And, uh, as we said, it helps you learn something about yourself and helps you become a better singer because you learn where you, where you're lacking. And maybe some people are like people, some people tend to be constantly a little flat or a little sharp sometimes. So using a plugin like that or tuning your, your vocals manually tells you something about how you sing or your singer sings.

It's also a big one, I think. And at the same time it develops your hearing or it helps develop your hearing because I found one when the more I edited vocals or tune vocals, the more I actually noticed when something was off. And when I remember when I started out, I didn't know about this at all. I D I, and I, I thought that.

Takes, we were like awesome and flawless. And when I listened to [00:20:00] those, they could have needed editing and tuning, but I kinda needed to develop my hearing first to even notice that really. And so that definitely helps. And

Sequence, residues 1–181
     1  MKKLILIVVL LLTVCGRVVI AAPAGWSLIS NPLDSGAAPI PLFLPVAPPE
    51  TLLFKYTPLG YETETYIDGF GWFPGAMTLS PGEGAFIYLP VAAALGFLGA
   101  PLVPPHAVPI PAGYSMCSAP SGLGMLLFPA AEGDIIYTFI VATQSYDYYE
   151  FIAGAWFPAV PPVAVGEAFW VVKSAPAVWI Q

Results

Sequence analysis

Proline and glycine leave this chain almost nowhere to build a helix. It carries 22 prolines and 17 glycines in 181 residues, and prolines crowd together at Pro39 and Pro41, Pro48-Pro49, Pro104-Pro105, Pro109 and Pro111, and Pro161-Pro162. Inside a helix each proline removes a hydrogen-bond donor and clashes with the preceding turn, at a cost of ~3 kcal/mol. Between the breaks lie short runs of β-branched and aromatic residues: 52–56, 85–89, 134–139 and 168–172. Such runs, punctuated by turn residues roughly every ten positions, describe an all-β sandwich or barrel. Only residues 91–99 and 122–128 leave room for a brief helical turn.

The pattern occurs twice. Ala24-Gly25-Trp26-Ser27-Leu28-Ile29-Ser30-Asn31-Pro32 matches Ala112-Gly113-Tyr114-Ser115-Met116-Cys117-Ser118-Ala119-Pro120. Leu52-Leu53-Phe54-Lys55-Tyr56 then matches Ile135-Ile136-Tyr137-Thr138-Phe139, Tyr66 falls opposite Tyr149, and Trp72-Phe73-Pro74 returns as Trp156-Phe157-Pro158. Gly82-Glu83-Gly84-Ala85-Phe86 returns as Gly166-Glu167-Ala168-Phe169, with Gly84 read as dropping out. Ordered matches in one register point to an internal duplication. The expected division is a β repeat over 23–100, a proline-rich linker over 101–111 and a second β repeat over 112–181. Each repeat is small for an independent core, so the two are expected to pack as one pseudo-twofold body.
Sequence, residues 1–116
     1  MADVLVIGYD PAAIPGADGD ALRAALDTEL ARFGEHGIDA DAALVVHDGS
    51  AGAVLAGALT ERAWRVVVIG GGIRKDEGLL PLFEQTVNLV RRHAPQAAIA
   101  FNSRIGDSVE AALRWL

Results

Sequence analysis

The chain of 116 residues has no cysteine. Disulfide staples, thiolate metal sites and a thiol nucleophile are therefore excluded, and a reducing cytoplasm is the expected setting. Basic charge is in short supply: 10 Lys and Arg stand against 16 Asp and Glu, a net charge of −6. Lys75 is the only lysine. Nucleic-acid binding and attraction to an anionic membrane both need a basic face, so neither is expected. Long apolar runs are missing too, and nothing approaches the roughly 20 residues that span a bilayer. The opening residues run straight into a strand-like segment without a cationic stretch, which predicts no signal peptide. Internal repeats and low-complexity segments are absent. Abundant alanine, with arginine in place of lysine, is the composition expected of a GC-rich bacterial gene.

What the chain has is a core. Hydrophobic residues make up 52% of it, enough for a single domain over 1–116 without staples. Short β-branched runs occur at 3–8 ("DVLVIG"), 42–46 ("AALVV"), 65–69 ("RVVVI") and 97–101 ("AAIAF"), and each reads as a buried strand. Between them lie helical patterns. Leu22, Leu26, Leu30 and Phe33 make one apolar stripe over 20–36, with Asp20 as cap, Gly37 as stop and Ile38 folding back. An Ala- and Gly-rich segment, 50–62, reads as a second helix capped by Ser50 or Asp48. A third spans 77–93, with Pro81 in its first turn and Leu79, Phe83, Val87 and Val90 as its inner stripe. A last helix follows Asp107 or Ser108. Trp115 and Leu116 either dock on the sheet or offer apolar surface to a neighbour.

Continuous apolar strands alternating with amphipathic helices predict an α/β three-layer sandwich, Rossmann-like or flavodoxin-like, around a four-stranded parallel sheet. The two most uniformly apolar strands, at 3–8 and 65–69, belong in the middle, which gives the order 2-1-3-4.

Malcom: [00:20:12] I'm really glad. Just, sorry, go ahead. I just can't believe that we, uh, I can't believe we haven't brought that up before.

That like what you get from doing these things from even recording drums or recording guitars, and then kind of zooming in to see how your performance wasn't trying to fix it in editing is like the quickest way to get better at stuff you're like, okay, well, I'm always behind. Like, you can take that information to the bank, right.

And act on it. Um, same with singing, especially with singing. You're like, you can. And like, and especially with vocal tuning, because it literally shows you what you sang and you can visually see that you're flat or sharp, or that maybe when you attack a note, you always start high and swoop down. That's a common one.

Um, there's really, [00:21:00] yeah. You know, you can see your vibrato, how wide your vibrato is going. There's tons of information you can learn from looking at a vocal tuning plugin. So great point, Benny. I love that.